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The Hull Cook Journals: Pack Burros

April 14, 2010 Climb, Hike 1 Comment

The pack burro Jake on an early-summer trip up trail.

Hull Cook worked at the Boulderfield Shelter Cabin on Longs Peak during the summers of 1932, 1933, and 1934. These are his stories.

The Boulderfield Hotel, or shelter, or cabin, whatever you may call it, was constructed in 1926 and 1927 by the National Park Service, and was operated during its 10-year existence by the Colliers. The construction was not an easy task. Everything but the actual rock had to be laboriously packed in on horses or mules over a very rough and rocky six-mile trail at high altitude. I believe Jack Moomaw, an early park ranger and guide, supervised the construction of the trail across the Boulderfield to the hotel site, which enabled pack mules and horses to negotiate this jumble of rocks without suffering broken legs. The workmen stayed at Timberline Cabin, so a good part of their day was spent in hiking the three miles each way to and from Boulderfield.

Problems, of course, arose later, some of which were quite unexpected. For example, one would not expect a small, rugged granite building to be easily pulled apart. Yet a little of that happened each year. Cracks up to a half-inch in width in walls and floor would open up, necessitating a caulking job every spring. To account for this instability, I believe that there must be an underground, glacier-like ice flow that is constantly replenished by seepage from the Dove snowfield.

Wind was another problem, its effects having been underestimated. The first winter was educational. The whole roof went off, smashed, dismembered, and scattered for miles. The cabin became a large solid block of hard-packed snow enclosed in granite walls, a rather discouraging spring discovery. To avoid a repetition of this disaster, the new roof was reinforced with small logs laid horizontally on the gabled roof, and held down with a row of head-sized boulders above each log. … Continue Reading

The Hull Cook Journals: The Cabin

April 7, 2010 Hike 2 Comments

The Boulderfield Shelter Cabin, at ca. 12,750 feet on Longs Peak. This European-style mountain hut served meals and housed guests from 1927 to 1936.

Hull Cook worked at the Boulderfield Shelter Cabin on Longs Peak during the summers of 1932, 1933, and 1934. These are his stories.

“Hooray, the Boulderfield at last! Level ground for a change.” That was the average climber’s reaction as he topped the final rounded rise of ground, high above Granite Pass, and beheld the nearly square-mile basin of jumbled rock that was the Boulderfield. He could now enjoy an unobstructed view of the famous Keyhole and the entire North Face. He was more than 12,000 feet above sea level. But where was the hotel? Then someone would see the distant small cube of granite masonry that was the Boulderfield Shelter Cabin.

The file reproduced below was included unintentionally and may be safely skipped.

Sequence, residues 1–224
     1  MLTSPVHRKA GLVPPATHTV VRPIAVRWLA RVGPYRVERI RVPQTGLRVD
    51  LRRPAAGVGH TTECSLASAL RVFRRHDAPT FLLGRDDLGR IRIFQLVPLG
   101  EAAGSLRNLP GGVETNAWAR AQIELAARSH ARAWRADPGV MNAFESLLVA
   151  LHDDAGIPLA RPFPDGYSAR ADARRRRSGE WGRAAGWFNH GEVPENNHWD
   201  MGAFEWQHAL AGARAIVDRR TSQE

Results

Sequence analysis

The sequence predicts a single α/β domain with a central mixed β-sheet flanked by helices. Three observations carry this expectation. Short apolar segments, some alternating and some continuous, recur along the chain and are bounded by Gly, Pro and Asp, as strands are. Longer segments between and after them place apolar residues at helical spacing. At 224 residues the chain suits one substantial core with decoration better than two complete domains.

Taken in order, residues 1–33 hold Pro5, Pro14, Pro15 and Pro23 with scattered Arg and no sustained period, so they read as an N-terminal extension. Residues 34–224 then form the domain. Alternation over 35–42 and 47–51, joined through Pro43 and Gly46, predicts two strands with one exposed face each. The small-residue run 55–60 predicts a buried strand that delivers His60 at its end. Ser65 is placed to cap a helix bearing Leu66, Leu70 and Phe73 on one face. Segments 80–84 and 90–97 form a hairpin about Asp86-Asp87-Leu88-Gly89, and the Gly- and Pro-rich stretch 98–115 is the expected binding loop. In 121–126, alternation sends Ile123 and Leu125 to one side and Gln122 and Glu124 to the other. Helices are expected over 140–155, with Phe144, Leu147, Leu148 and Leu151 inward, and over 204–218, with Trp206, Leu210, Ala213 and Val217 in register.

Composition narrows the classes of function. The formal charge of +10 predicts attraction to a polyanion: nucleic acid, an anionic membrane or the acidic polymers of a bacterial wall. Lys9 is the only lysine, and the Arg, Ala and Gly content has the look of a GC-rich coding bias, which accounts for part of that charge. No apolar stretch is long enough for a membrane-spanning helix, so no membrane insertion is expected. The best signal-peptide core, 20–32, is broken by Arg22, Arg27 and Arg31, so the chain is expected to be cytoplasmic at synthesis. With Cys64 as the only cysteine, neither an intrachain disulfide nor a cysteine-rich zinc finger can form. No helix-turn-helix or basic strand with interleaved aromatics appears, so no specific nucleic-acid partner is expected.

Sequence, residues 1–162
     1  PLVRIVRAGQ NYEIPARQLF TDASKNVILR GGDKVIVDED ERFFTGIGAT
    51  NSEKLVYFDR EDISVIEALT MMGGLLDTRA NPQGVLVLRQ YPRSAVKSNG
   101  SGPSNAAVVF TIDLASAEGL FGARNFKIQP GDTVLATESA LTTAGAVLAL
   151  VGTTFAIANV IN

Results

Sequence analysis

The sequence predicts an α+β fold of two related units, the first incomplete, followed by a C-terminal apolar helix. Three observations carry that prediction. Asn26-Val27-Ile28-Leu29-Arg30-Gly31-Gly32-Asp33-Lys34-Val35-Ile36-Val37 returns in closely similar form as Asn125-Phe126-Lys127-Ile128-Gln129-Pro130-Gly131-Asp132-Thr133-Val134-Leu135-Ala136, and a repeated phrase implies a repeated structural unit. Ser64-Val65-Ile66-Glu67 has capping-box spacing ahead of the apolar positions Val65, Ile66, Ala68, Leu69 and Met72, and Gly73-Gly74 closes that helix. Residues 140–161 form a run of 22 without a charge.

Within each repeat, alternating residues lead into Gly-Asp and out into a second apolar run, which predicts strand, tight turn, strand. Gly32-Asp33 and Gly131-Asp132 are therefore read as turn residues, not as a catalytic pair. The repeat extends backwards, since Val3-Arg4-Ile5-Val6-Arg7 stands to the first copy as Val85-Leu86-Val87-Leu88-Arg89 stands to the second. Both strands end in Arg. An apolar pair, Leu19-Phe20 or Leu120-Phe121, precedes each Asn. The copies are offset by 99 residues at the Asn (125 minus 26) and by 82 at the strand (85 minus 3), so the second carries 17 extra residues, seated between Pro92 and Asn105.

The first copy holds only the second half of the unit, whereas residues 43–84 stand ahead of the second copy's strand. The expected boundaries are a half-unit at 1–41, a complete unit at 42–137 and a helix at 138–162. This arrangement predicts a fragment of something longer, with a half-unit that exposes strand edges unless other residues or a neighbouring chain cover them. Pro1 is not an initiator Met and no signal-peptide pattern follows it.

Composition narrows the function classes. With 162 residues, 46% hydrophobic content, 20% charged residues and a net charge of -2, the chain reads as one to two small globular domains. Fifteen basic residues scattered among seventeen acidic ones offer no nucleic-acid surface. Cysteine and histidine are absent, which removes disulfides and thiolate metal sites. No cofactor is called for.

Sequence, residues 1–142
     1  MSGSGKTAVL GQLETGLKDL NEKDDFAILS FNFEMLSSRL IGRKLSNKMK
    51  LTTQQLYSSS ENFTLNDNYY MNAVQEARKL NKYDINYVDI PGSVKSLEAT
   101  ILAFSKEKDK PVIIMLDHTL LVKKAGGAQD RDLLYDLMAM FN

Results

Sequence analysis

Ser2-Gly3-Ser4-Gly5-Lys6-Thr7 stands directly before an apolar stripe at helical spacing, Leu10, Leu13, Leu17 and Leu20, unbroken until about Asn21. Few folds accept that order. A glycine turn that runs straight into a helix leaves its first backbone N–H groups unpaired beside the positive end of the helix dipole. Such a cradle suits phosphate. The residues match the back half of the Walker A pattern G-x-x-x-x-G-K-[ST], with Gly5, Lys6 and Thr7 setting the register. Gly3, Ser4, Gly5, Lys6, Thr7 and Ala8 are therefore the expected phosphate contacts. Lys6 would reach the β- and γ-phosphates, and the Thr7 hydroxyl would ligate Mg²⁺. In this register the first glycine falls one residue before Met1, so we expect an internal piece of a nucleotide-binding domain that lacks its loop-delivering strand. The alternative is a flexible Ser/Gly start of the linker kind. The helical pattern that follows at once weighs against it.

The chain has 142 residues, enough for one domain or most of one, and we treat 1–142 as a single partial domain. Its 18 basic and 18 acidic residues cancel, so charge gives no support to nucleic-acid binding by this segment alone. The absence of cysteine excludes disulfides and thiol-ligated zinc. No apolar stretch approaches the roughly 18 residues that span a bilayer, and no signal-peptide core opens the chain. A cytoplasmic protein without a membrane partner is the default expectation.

“Don’t tell me that’s the hotel! That cracker box surely can’t be a hotel!” But it was.

As hotels go, ours was tiny and Spartan. We called it “the cabin.” There was no electricity and no running water, unless you ran while carrying it from the spring. There was also almost no privacy. It was a two-story structure, the upper floor accessed by a ladder hinged to the ceiling of the ground-floor room. By Hilton standards it was indeed small, only 14 by 18 feet, so the space had to be efficiently utilized. Upstairs, springs and mattresses were placed directly on the floor, three on each side of the stair hole, and above the stair hole was a double-decker single bed. This arrangement could accommodate 14 people in relative comfort, unless someone had to go to the bathroom during the night, in which case comfort might be called into question. … Continue Reading

Five Favorites: Jack Roberts’ Spring Alpine Routes

April 5, 2010 Climb 2 Comments

Jack Roberts begins the cave pitch on Brain Freeze, Rocky Mountain National Park.

As winter’s powder metamorphoses into névé and melt-freeze ice from April though mid-June, couloir and chimney routes in the high mountains come into prime condition. Jack Roberts in Boulder is the author of the Colorado Ice guidebook and is one of Colorado’s most experienced mountain guides. We asked him for his five favorite spring alpine routes, all of which happened to be in Rocky Mountain National Park.

Dreamweaver. For me, Dreamweaver on Mt. Meeker is the perfect high-mountain couloir route. The steep hike to it usually takes three hours. The climbing in the couloir isn’t difficult, but you still need to pay attention. Exposure is constant but never overwhelming. Once you complete the climb, you can either go home or link it up with Martha on Mt. Lady Washington or the Notch Couloir on Longs.  Which is also the beauty of Dreamweaver. You can ascend it and enjoy it for its own merit or you can push your luck.

• Hallett Chimney. An ultimate classic. Forget the fact that it doesn’t always come into the perfect condition that you want for an intermediate mixed alpine route. Forget for a second that the climbing isn’t really very technically demanding. That it is a climb that requires skill and cunning rather than the brute strength and power developed on a campus board. Success on this climb is more dependent on the ability of the experienced leader to figure out how to tread gently on snow/ice and rock when conditions are less than ideal and protection is not always exactly where you would like it to be. But the length of the climb (1,000 feet) comfortable belays, interesting climbing positions, and total alpine feel make this one of the top five alpine routes to do in RMNP. … Continue Reading

The Hull Cook Journals

April 2, 2010 Climb, Hike 6 Comments

Hull Cook at Chasm View on Longs Peak. Photo by H.P. Ziedema

Starting next week, we’ve got a real treat in store for Colorado MoJo readers. During the late 1920s and early ’30s, a small hut stood at the Boulderfield on Longs Peak, at about 12,750 feet. Guests could hike or ride horseback to the Boulderfield Shelter Cabin, spend the night in relative comfort with bunks and hot meals, and climb the 14,259-foot peak in the morning, usually by the north face, which was equipped in those days with steel cables for hand rails. For two or three years during the early ’30s, Hull Cook worked at the Boulderfield Shelter Cabin, and his feats as a guide and rescuer have become legendary. Now, thanks to his son, Hull “Cactus” Cook from Bellingham, Washington, we are able to bring you Cook’s first-person, never-published tales. … Continue Reading